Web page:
MIDDLETOWN — Another November run in the CIAC Class L tournament, another trip to the semifinals, and another cruel ending for the Daniel Hand girls soccer team.
No. 13 seed Hand and No. 16 seed Farmington went to a 10th round of penalty kicks after playing to a 1-1 tie through regulation and 20 minute of overtime. When Carolyn Ives buried her shot into the left corner, it gave the Indians a 7-5 edge at Middletown High’s Rosek-Skubel Stadium and their first trip to the final since 2011.
“I’m at a loss for words right now,” said first-year Farmington coach Max Fantl, whose team has a date with No. 2 Tolland on Saturday. “It went into PKs and we just said, ‘We gotta believe.’ We’re the 16 seed and I’ve been telling the girls anything can happen in the tournament.
“That’s a great team we just played. The players deserve all the credit. They worked so hard and they are such a resilient team.”
There were tears on both sides — relief for Farmington and crushing disappointment for Hand.
The Tigers converted their first three penalty kicks and keeper Morgan Lipford denied two of Farmington’s first three attempts. Still, the Tigers couldn’t close it out as Farmington converted its last two and Hand missed its last two to keep the match going.
Hand, which was chasing its first state championship, finished the season 12-4-4.
“It felt like we were the slightly better team” going in, Hand coach David Dikranian said. “Even though (Farmington) is very good, I felt like we had the edge tonight. And we just got a little bit unlucky.
“The past two years we lost to more talented teams. This year showed that wow, we were so close. It is cruel game, but that’s the way it goes. Sometimes you do almost everything right and then you don’t get the result.”
After a scoreless first half that generated few chances on either side, Hand broke through in the 52nd minute after Farmington was called for a hand ball. Off the free kick from about 25 yards, Chloe Thompson toed the ball to Francesa Antoni, who blasted a shot inside the left post.
Just a minute later, the Tigers had an excellent opportunity to go up by two scores, but Kayla Howard’s shot from close range sailed wide right. It would have changed the complexion of the match in favor of the Tigers.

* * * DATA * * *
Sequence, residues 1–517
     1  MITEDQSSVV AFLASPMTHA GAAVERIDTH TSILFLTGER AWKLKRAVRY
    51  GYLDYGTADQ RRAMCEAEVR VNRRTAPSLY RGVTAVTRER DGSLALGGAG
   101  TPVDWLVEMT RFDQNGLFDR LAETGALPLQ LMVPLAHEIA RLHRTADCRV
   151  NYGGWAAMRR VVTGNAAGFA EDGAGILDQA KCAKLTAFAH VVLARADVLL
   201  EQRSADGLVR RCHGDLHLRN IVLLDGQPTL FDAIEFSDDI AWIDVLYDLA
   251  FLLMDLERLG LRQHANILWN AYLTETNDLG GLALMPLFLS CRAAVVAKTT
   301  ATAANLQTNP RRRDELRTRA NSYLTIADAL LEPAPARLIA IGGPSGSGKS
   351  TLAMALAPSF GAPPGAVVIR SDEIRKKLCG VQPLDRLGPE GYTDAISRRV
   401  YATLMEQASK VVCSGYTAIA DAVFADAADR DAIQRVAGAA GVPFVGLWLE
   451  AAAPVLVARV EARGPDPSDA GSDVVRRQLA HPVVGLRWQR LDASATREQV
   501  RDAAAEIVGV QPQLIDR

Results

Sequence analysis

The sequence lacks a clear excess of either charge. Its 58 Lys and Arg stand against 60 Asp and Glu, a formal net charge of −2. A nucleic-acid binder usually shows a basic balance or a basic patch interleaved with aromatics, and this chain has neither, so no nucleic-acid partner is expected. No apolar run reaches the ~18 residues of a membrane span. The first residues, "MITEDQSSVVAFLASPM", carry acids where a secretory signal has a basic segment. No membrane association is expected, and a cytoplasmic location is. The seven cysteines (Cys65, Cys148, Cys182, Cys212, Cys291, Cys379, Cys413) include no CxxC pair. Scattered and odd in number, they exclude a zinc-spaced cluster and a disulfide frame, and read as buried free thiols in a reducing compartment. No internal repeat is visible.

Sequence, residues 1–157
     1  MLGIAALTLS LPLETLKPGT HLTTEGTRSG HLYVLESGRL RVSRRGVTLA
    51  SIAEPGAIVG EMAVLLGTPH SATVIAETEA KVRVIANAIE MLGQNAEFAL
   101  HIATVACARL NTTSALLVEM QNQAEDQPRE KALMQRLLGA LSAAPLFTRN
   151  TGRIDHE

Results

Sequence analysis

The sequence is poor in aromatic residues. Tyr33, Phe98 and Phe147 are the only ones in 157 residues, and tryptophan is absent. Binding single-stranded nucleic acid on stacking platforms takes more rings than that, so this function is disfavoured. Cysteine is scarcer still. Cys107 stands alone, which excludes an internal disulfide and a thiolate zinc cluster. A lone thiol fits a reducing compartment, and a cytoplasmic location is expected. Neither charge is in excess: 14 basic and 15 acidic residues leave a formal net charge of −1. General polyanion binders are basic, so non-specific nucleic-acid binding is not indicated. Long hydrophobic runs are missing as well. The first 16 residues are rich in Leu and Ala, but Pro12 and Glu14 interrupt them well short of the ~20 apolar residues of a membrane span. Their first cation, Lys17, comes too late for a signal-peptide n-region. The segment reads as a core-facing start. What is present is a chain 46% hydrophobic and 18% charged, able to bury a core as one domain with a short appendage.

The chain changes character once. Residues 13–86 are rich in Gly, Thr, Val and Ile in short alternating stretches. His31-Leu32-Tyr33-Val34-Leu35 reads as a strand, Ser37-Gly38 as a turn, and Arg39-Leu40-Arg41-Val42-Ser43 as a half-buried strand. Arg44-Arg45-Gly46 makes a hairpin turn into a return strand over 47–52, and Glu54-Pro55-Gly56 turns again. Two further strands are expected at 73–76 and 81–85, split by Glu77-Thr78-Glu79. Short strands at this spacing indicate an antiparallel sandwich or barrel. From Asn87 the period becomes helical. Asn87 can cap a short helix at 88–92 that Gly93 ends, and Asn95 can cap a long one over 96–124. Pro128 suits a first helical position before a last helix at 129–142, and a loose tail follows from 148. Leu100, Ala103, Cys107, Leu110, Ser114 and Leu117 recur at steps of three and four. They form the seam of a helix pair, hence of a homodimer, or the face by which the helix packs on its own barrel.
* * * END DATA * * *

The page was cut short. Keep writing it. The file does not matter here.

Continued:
“We had some good chances in this game, and I thought if we got that second goal it would seal it,” Dikranian said.
Less than five minutes later, Farmington (12-4-4) put in the equalizer, which at first looked like a great save by Lipford.
Alexa Scott curled a high shot from about 30 yards on the right side toward the left post. Lipford caught the ball just outside the goal line and tucked it away. With her momentum moving toward the net, she turned her body to the right and the ball crossed the line, tying the match.
“If we didn’t get it we would have been yelling about it. I would have been yelling and screaming,” Jarvis said. “I saw (Lipford) body and the ball go back (over the goal line).”
Compared to last year’s semifinal team, Dikranian said this year’s Tigers overachieved after seven starters — “seven very good players,” he said, graduated.
“This was a year that people were labeling as a retooling year,” he said. “But to get to this year’s semifinals and a penalty kick away from the final, it’s really an overachievement for these guys. We have to look at it and say, ‘We played really well, and if things kind of went our way we’d be in the finals.’
“I think it’s great motivation for the returning players, like ‘Hey, if we can do this now, what can we do next year and beyond?’”
FARMINGTON 1, HAND 1 (7-5 PKS)
FARMINGTON 0 1 0 — 1
HAND 0 1 0 — 1
Shots on goal: Farmington 9; Hand 9.
Saves: Farmington (Margaret Huelin 9); Hand (Morgan Lipford 9).